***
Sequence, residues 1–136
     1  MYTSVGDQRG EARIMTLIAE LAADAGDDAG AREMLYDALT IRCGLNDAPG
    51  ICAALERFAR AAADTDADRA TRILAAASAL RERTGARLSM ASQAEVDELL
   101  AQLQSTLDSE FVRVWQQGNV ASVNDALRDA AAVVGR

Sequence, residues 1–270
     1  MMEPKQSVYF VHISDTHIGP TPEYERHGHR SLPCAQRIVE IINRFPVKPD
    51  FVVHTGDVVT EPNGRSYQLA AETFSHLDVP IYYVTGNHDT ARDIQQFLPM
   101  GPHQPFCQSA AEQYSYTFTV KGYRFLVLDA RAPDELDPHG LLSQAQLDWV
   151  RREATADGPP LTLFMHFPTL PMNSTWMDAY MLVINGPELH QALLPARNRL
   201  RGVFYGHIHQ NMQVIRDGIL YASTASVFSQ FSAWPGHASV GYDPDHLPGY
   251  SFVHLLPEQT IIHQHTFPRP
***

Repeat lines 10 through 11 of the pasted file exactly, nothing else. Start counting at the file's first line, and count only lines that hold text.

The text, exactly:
   201  RGVFYGHIHQ NMQVIRDGIL YASTASVFSQ FSAWPGHASV GYDPDHLPGY
   251  SFVHLLPEQT IIHQHTFPRP